Preventive Detention by administrative power, as opposed to judicial detention, is defined as detention without judicial intervention or sanction. This form of detention, inter alia, may be due to detention by the police (executive) for purposes of investigation and also for the purposes of preventing some supposed ‘crime’ which has not yet occurred (preventive detention). Preventive detention is commonly known as Detention Without Trial (‘DWT’).
When we talk about detention, we will not limit ourselves to the narrow interpretation which would only consider detentions of persons in prisons, lockups and/or detention centres. We will be looking at ‘detention’ from a broader interpretation which would include the imposition of any forms of restrictions and conditions on a person’s liberty without judicial intervention.
1.1 Redefining ‘Detention’
For a…show more content… If the courts can reverse executive’s decision, it would make it impossible for the executive to make any decision for fear that the courts would intervene. The ruling party would then be waiting for the decisions of the courts and the results of appeal to higher courts’.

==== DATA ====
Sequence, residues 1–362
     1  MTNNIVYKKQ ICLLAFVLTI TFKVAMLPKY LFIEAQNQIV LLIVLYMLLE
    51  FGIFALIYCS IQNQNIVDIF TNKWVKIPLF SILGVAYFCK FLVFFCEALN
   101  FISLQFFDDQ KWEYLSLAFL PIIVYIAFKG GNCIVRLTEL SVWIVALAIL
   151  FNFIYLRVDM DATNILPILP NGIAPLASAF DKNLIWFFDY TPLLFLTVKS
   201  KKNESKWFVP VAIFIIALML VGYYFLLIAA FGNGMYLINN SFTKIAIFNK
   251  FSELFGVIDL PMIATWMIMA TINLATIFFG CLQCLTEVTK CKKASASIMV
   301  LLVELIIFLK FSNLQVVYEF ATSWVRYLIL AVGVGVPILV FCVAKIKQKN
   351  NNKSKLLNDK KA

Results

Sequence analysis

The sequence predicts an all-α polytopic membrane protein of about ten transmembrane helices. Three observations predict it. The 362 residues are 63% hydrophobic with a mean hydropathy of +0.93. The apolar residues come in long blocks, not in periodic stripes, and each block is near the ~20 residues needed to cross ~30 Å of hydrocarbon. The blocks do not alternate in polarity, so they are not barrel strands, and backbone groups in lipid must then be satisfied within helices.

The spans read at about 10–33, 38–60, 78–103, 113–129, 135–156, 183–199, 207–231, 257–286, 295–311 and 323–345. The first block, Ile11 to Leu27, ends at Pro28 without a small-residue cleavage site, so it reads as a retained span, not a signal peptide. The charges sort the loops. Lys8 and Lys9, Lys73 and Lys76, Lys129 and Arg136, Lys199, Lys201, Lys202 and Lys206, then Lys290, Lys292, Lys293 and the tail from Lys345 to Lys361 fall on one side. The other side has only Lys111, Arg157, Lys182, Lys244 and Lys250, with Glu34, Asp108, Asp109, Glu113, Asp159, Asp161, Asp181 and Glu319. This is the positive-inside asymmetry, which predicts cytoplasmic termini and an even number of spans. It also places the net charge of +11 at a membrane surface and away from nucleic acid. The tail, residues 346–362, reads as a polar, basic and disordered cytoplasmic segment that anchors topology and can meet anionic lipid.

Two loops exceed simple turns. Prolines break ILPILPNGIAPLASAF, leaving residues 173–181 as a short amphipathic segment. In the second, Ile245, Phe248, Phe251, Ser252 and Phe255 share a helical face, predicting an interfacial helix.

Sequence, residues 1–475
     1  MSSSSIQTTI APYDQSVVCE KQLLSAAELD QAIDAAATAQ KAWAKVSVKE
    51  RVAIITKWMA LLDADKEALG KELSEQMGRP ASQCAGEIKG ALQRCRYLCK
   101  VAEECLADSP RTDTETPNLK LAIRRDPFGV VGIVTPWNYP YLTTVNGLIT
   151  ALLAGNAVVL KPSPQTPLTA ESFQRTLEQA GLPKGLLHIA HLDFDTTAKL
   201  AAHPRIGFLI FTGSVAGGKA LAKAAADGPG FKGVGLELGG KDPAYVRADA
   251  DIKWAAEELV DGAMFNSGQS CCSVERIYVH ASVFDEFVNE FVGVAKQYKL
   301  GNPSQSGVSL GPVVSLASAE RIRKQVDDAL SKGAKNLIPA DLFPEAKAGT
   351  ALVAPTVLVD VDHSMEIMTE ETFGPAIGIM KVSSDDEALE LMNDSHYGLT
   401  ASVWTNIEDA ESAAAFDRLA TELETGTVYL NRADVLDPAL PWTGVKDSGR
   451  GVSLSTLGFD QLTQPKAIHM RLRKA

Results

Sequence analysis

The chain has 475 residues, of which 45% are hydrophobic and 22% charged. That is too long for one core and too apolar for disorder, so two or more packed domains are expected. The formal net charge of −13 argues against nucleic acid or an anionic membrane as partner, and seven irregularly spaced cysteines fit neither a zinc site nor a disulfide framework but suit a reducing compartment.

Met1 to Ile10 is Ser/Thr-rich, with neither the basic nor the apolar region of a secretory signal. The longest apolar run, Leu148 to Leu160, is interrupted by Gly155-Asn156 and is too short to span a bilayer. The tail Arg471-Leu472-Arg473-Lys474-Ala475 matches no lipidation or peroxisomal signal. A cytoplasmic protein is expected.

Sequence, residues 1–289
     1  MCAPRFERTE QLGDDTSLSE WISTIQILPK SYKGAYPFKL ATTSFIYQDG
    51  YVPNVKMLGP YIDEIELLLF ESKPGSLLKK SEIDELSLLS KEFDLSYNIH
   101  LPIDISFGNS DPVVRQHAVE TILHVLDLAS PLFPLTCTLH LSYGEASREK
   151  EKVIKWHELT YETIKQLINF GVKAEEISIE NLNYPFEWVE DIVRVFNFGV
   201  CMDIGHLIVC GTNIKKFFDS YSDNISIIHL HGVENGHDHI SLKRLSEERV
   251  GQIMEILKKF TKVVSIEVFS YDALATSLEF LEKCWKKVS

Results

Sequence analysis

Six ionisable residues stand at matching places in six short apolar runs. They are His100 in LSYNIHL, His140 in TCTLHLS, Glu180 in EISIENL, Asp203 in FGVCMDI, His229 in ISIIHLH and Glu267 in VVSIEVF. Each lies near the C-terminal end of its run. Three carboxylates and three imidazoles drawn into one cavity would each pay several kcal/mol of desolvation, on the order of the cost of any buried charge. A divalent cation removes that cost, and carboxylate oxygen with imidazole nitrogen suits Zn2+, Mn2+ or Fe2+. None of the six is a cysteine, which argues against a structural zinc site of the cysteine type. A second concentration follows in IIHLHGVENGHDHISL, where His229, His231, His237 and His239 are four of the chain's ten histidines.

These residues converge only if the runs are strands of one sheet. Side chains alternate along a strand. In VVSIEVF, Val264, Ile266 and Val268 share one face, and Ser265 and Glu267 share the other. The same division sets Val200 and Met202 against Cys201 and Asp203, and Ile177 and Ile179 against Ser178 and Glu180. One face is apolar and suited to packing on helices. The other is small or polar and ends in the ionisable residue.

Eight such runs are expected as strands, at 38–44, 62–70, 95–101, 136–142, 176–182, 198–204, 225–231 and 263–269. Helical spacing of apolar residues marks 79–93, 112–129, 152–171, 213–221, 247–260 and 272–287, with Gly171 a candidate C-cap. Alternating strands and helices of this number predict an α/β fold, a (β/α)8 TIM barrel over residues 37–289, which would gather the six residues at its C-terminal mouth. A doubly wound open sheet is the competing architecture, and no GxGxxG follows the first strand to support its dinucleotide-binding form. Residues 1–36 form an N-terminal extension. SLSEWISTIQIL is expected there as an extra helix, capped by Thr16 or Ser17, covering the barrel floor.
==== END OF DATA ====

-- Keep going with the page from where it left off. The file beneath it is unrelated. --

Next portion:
1.2 Administrative detention in Malaysia
In Malaysia, generally under the Criminal Procedure Code administrative detention is only allowed for a period not exceeding 24 hours after a person has been arrested.
In Part II of the Federal Constitution which carries the heading ‘Fundamental Liberties’, in particular Article 5(4), it is enshrined that ‘where a person is arrested and not released he shall without unreasonable delay, and in any case within 24 hours (excluding the time of any necessary journey) be produced before a Magistrate and shall not be further detained in custody without the magistrate’s